The Academically Gifted Gazette

Ronald E. McNair Elementary

Volume 3, Issue 6

March 2015


2nd: TAG meeting (rescheduled from February)

2nd: Read Across America (Dr. Seuss Day)

2nd-6th: Social Worker Week

3rd: Welcome to AG 3rd Grade Parent Meeting

5th: Free Documentary Viewing of 2e: Twice Exceptional

5th-6th: NCAGT Conference

8th: Daylight Savings Time begins

9th: Battle of the Books competition at UNCG

9th-17th: Interim testing

10th: PTA meeting

10th: Interim reports

12th: AG Parent Advisory Board Meeting

17th: St. Patrick's Day

18th: Early release

19th: Skate Night

23rd: TAG meeting

31st: Duke Tip talent search application and writing contest deadline (invitees received info in fall)

Featured Event: 10 Key Steps to Finding the Right College (free)

Thursday, March 26th, 12-1pm

This is an online event.

Click here to register

*This event is also offered on Sunday, March 29th 2-3pm

Click here to register

Who Said It?

Simply guess who said the following quote and click on the link below to check yourself!

To deny people their human rights is to challenge their very humanity.

Nurturing Empathy in Your Gifted Child

Webster defines “empathy” as the ability to identify with and understand somebody else’s feelings or difficulties.

Gifted children sense and feel things more deeply than their age-level counterparts. While many young children are concerned about toys, sports, and friendships, the gifted child may be more preoccupied with global issues such as poverty, homelessness, and abandoned animals. This divergence of perception can lead to feelings of isolation from their age-level peers. They are overwhelmed by the enormity of the world's challenges, and realize at an early age that there are matters far beyond their control.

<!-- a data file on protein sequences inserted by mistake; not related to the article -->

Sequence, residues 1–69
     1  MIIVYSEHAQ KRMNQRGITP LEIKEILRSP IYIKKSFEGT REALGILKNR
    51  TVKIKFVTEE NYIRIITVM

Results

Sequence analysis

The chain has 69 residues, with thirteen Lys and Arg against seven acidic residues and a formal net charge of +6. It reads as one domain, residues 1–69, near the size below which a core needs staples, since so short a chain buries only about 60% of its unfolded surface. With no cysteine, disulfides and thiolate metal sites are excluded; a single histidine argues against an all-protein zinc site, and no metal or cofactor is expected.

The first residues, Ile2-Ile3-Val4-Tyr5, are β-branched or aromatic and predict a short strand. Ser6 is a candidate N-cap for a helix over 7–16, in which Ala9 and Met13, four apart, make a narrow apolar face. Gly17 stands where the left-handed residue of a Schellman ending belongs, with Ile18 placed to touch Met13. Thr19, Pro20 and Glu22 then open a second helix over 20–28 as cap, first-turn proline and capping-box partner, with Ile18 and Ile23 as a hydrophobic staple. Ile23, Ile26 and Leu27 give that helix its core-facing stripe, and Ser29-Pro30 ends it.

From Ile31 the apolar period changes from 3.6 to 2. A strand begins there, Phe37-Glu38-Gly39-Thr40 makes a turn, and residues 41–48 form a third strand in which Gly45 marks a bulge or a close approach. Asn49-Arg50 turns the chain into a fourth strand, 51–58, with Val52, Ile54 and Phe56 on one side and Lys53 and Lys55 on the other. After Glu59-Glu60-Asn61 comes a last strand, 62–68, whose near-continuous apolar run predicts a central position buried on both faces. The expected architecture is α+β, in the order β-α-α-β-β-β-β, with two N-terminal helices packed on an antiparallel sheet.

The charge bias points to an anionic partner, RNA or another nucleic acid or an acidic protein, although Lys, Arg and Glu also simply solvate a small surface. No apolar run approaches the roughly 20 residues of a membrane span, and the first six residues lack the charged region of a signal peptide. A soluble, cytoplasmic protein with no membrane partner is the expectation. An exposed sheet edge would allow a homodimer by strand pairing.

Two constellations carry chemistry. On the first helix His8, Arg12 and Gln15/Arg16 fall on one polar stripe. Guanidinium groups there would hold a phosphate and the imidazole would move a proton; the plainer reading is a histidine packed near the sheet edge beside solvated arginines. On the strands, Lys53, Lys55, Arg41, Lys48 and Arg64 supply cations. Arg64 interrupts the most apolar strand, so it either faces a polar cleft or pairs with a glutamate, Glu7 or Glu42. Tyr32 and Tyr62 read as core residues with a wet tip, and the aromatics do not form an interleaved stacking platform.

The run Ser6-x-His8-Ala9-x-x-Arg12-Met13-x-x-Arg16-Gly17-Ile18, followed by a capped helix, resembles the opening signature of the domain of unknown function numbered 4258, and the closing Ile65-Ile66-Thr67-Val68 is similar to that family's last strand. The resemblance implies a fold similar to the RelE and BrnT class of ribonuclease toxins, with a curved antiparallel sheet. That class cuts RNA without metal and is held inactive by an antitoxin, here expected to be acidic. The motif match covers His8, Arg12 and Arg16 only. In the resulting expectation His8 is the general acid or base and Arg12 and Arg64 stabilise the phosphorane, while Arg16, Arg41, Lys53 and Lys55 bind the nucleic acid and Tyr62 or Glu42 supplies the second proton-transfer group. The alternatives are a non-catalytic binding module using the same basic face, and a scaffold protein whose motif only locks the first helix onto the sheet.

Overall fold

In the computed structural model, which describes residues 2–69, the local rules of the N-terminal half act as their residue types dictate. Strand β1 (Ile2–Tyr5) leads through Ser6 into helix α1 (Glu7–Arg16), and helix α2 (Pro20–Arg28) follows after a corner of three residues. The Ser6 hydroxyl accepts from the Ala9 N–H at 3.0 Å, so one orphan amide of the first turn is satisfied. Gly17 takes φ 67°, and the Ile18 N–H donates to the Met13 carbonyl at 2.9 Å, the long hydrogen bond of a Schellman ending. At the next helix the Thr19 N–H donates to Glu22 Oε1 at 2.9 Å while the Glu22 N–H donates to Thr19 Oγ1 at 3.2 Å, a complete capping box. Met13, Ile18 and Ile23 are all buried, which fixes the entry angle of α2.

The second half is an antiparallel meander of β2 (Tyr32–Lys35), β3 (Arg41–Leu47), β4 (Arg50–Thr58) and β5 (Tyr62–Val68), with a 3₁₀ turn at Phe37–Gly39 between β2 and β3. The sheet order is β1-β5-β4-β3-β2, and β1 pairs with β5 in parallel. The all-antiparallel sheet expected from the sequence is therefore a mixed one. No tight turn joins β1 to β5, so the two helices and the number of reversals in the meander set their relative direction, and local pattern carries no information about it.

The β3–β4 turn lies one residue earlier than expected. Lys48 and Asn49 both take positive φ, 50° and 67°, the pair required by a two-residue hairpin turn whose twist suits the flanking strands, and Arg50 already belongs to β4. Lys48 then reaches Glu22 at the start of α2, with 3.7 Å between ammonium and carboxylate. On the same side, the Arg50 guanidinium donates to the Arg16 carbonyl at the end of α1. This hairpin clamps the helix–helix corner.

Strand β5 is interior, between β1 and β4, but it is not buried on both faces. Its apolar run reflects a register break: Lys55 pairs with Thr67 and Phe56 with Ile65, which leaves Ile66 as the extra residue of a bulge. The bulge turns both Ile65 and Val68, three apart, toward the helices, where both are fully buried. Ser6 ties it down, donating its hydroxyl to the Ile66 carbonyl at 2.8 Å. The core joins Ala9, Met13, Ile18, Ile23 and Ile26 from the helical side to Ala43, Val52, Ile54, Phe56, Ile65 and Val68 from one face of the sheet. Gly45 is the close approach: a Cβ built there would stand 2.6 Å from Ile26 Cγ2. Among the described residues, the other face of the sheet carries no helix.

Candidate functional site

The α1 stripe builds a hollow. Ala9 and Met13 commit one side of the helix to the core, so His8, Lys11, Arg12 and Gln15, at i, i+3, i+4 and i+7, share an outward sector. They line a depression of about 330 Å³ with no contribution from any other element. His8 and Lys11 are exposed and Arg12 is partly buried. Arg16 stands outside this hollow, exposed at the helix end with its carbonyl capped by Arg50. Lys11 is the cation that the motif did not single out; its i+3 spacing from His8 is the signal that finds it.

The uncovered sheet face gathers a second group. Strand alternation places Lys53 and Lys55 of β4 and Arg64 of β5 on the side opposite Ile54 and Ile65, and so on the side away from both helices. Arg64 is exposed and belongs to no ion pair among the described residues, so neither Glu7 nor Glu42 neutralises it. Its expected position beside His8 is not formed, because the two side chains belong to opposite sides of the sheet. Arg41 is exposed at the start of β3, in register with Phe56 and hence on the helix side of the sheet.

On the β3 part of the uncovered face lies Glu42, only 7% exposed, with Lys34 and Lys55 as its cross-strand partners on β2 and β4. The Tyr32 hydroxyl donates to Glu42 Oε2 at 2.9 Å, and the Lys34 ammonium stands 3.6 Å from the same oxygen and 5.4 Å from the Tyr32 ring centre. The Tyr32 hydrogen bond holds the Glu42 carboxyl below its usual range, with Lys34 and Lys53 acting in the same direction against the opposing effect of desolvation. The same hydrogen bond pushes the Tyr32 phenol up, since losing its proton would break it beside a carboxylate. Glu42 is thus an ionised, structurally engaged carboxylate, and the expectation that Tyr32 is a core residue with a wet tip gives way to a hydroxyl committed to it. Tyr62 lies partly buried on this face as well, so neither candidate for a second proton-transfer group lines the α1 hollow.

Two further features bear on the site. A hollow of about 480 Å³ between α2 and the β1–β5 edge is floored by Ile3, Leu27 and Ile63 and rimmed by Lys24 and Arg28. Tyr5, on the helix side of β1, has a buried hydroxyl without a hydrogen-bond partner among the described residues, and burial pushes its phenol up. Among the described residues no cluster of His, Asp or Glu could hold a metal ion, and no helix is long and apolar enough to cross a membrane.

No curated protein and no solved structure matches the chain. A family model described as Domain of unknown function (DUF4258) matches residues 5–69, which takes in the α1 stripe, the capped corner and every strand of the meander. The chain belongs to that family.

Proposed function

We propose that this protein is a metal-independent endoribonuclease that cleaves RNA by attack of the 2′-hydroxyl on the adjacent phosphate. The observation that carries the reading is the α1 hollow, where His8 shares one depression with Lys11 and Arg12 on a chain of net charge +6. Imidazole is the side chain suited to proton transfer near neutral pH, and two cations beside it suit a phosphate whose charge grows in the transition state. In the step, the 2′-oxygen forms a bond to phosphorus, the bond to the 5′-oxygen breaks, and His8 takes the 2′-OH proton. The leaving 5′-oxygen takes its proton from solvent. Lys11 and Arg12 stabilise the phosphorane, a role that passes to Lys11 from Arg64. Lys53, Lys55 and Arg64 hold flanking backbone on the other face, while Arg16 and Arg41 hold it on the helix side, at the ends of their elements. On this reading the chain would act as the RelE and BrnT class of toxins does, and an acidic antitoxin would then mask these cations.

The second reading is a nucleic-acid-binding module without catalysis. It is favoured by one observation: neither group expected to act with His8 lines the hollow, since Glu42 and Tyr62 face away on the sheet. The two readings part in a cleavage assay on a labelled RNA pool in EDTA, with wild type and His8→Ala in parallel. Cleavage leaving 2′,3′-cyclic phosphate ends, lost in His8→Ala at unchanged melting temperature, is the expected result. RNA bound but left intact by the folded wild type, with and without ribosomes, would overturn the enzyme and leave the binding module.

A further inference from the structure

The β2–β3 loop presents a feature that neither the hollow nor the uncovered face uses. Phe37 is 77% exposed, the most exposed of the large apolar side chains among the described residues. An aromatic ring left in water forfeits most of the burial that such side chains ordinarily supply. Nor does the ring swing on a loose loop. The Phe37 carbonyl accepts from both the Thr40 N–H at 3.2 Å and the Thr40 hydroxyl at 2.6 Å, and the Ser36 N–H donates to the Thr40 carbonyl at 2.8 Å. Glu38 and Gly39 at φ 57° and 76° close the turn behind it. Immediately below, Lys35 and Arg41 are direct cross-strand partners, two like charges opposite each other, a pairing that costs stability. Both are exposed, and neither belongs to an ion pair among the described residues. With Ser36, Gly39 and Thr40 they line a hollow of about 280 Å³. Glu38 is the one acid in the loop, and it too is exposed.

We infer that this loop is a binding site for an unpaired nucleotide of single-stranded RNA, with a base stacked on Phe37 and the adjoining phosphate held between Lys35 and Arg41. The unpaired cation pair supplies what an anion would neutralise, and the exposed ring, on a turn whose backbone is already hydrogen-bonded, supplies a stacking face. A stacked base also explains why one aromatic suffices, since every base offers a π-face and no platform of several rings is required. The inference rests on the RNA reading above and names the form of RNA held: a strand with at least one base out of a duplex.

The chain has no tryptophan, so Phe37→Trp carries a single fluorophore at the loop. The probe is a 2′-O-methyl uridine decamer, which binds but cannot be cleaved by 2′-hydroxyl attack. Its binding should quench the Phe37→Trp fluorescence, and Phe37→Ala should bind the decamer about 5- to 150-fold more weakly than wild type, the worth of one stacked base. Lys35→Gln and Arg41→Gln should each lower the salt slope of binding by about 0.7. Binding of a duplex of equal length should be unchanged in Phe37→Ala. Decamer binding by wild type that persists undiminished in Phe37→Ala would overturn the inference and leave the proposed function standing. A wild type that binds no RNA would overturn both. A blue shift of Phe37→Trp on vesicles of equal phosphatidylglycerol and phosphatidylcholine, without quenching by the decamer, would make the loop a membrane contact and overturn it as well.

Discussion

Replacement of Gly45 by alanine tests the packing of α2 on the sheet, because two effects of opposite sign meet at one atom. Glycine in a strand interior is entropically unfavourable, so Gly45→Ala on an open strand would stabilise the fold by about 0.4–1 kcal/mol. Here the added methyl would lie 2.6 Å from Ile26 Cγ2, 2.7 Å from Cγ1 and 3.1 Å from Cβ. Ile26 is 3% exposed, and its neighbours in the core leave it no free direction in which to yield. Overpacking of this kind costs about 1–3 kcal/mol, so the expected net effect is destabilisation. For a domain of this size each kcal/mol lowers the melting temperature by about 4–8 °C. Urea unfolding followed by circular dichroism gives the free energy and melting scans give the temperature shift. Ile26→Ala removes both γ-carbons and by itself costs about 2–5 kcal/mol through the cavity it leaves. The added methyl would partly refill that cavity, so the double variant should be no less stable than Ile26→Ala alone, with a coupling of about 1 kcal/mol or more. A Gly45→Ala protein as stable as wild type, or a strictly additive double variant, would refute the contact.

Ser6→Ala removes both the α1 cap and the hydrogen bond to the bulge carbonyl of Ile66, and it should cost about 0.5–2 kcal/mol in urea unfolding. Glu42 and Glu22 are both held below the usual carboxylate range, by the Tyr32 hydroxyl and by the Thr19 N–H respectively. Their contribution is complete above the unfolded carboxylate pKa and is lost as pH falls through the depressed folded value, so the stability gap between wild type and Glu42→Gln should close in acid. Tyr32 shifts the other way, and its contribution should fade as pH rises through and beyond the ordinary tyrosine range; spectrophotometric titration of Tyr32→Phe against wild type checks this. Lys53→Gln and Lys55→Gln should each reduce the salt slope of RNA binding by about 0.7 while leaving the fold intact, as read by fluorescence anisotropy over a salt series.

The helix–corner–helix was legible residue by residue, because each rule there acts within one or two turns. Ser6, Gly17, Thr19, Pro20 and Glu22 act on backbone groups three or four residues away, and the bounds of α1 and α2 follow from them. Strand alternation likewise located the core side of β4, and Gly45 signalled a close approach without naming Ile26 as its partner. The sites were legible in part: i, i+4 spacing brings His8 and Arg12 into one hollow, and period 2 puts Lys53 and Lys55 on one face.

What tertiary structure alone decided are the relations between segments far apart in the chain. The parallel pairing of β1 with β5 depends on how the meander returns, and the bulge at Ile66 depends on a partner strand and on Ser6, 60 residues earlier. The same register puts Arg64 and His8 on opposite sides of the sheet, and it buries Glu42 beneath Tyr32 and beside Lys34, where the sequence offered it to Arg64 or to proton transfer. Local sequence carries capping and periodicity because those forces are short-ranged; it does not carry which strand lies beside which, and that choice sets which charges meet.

Gifted children have a heightened awareness of the world around them but lack the emotional development to cope with adult world issues. Many adults may be quick to dismiss or minimize their concerns, which only serves to magnify their feelings of helplessness.

While gifted children are often quite empathetic, they still manifest age-appropriate concerns. They may hold self-centered views of their surroundings and dismiss the needs of others. It is important that we continue to foster healthy empathy and teach them how to use their talents to make a difference in the lives of others.

What can you do to help?

  • Acknowledge the concern - Do not minimize the issue. Be an active listener. Work with your child to explore ways to make a difference. Cultivate the concept that every action, no matter how small, counts. Get involved in your community by volunteering as a family.

  • Model empathy for your child – Capitalize on everyday interactions to demonstrate appropriate levels of empathy. Use characters in movies, books and TV shows to foster conversation. Share your own thoughts, concerns and experiences.

  • Teach your gifted child to communicate effectively – Provide a safe place to talk. Help your child articulate feelings and brainstorm potential solutions to problems. Explicitly teach children to read physical cues in order to recognize emotion in others. Practice additional avenues of self-expression such as journaling or artistic expression.

Meeting the Social and emotional needs of Gifted Students- Dr. Mary Ruth Coleman; NCAGT Conference 2013